April 20, 2006

Teacher training gets podcasts - Glasgow Uni Cast

This morning was a brutal 5.30am return to work after a pretty brutal week of trauma. The PowerBook's contents have been rescued, at least, providing some good news. More good news came, though, at Glasgow University, where undergraduate and postgraduate teachers from both Primary and Secondary sectors put together their first podcast. Hopefully some will think of doing one now and then with their classes. The podcast file is below and can be subscribed to in iTunes using the search 'edublogs'.

Download glasgowunicast.mp3

As always, and especially as the brain ground into action this morning, I want to take this chance to point ou the three main points of the presentation that started off the day. To raise the motivation of students there are, in my humble opinion, three vital elements, all of which must be present in every task we do. The task might involve ICT, like podcast making does, or it might not, as writing a fairytale does not need to use any ICT at all to succeed.

  1. Audience
    Students like the be heard when they know something they are saying is good. In Modern Foreign Languages students are notoriously unconfident about speaking, especially speaking in a foreign tongue in public. This is partly down to exam systems with an over-importance spent on accuracy at the expense of communication. Communication, though, is all that matters to learners in schools, provided they know communication is achieved. In most cases, even those in the weakest classes, communication can be achieved even if the staging is inaccurate. This is worthy of an audience and can usually be really entertaining for the listeners or readers. Kids tell good stories and are experts on the things they love - let them be passionate, even if there is a mistake or two, and let them communicate with a real audience.
  2. Purpose
    If a student asks why (s)he has to do a task, 9 times out of 10 there is no real reason - not for them at least. If the reason does not lie within the next 10 minutes or period of study then a student does not see the point. So, if lessons are geared towards the creation of a class product - a radio show, a book, a guide, a film - then learners will be geared up to achieving the final product. They will know how well they are doing by seeing how where they are in their work stands in relation to the completion of something palpable. Give them a reason - one that is in proximity to their lives - and they will give the product everything they've got.
  3. Voice
    Students don't like repeating what their teachers tell them is correct. They crave 'fluency' in a language. What students often mean when they crave fluency is that they crave the ability to say what they want to say. So let them. If a student wants to be passionate about Hearts football club or about shopping in Edinburgh, let them. If they want to be passionate about the types of mobile phone they can buy, let them. It might not - will not - fit nicely into the unit-by-unit way that most MFL departments work. But it will engage them. And engaged learners learn. Disengaged learners will never learn. It's more up to the teacher, not the department, to make the choice. It doesn't need to happen all the time, either, but taking a look at a year's worth of study or, better still, four year's of study, a department could cover four times as much ground as they might do if they were to follow the traditional unit-by-unit approach and, instead, follow the passions of their learners. A risky but worthwhile choice or a folly?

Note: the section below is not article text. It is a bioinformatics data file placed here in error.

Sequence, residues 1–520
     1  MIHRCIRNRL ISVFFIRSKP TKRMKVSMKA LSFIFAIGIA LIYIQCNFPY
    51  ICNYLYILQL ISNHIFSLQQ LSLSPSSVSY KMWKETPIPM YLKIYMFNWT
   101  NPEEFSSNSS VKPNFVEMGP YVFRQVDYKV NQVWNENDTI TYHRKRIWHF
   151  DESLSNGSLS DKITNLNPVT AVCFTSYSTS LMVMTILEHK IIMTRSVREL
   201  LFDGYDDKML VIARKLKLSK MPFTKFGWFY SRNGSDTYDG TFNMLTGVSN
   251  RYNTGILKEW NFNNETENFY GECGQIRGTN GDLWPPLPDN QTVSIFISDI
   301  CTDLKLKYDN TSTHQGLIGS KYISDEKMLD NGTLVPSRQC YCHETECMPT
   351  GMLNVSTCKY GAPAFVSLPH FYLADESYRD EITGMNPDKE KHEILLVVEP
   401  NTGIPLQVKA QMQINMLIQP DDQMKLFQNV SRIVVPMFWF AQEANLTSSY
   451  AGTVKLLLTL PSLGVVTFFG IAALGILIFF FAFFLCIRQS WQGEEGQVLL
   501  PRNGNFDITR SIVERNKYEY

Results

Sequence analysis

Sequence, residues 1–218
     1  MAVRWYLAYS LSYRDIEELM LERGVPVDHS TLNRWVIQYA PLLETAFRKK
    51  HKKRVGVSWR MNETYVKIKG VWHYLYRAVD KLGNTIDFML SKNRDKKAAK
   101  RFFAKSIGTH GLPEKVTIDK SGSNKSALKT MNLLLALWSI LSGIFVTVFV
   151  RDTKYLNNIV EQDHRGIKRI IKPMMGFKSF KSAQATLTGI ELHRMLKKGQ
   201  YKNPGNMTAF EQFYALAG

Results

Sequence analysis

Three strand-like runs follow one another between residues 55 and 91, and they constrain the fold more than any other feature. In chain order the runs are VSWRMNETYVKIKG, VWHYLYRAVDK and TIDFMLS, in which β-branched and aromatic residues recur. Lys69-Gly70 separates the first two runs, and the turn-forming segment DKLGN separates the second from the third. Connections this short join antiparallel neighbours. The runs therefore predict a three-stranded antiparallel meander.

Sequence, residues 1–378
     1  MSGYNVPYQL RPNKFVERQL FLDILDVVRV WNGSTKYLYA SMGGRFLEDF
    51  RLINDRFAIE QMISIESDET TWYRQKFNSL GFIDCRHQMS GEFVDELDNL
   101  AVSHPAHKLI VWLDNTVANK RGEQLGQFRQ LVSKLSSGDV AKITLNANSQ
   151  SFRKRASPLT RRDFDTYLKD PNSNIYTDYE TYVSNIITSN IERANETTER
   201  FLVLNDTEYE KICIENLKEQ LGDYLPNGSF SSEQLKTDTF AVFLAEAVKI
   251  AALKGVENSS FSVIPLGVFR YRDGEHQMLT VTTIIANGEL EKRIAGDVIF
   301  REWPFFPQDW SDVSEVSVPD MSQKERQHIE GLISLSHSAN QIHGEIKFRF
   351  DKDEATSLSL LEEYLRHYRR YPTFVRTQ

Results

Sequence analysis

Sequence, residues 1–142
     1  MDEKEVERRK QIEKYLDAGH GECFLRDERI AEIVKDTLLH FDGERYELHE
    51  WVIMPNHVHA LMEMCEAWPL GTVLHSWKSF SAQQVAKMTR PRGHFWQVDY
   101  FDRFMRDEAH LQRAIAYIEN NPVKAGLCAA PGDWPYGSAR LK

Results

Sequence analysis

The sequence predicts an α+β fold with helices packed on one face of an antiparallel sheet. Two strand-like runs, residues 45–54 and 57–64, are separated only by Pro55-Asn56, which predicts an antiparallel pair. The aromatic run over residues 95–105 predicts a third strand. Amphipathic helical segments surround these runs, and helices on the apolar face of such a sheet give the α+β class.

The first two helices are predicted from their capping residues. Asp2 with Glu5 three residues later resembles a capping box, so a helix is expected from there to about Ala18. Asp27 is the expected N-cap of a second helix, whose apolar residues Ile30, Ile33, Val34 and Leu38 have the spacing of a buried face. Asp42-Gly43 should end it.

Do you agree with these three ideas being key to increasing motivation?
What other elements are essential in the mix?


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I never followed units - I chose texts (I'm talking English teaching here) according to my passions and my perceptions of my customers. If I didn't feel passionate about my subject, why should they? And I tended to encourage them to write and talk about topics close to their hearts. I always felt it worked.

But then I've never liked doing as I was tellt!

I agree with you 100% but have great difficulty putting it into practice because it means crashing head on with years of tradition. The students I get expect to be asked to do grammar exercises and to read a certain number of pages of text since the Danish language exam system is based on having 'done' a certain number of pages of text from which a sample will be examined. So if I veer from expectations I have a lot of explaining to do.

But occasionally it works. In a non-exam class I had one lady who made a multimedia Powerpoint with overlaid commentary about Mallorca because she felt it was a hugely misunderstood holiday destination and she wanted to rehabilitate its reputation.

In another example I discovered that one of my adult students had a brother in Australia who could hardly write Danish anymore. Her mother had been the main link between brother and sister but had just died so writing emails in English to her brother became her main motivator to improving her English.

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